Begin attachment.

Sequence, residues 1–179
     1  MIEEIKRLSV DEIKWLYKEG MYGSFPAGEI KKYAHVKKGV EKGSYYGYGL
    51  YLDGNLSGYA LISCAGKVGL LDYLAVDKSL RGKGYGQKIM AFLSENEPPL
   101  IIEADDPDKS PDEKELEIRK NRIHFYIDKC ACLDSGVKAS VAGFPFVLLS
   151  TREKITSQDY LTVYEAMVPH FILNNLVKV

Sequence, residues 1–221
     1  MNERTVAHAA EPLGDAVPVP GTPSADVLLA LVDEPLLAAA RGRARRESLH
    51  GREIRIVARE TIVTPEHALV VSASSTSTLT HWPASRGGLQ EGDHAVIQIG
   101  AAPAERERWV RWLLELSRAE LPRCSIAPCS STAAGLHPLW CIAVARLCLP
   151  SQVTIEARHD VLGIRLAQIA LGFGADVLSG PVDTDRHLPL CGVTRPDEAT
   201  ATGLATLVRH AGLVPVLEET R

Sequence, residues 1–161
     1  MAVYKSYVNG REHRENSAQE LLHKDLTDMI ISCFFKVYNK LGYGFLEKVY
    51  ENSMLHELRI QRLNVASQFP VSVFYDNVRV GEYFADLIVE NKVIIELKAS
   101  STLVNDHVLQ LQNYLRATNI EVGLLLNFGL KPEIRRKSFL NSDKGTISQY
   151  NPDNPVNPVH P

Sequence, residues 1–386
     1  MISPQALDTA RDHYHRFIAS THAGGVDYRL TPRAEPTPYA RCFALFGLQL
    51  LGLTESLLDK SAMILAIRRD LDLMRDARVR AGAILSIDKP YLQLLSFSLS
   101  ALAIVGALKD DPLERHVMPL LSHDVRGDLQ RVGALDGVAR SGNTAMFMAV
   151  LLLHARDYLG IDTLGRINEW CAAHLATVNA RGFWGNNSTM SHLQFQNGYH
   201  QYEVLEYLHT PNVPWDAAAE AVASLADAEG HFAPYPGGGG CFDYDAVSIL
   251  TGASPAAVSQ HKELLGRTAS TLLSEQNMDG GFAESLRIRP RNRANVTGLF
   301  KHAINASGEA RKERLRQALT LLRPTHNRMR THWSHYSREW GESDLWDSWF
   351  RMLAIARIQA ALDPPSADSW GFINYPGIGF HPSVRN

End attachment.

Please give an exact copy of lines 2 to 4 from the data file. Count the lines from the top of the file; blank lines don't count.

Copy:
     1  MIEEIKRLSV DEIKWLYKEG MYGSFPAGEI KKYAHVKKGV EKGSYYGYGL
    51  YLDGNLSGYA LISCAGKVGL LDYLAVDKSL RGKGYGQKIM AFLSENEPPL
   101  IIEADDPDKS PDEKELEIRK NRIHFYIDKC ACLDSGVKAS VAGFPFVLLS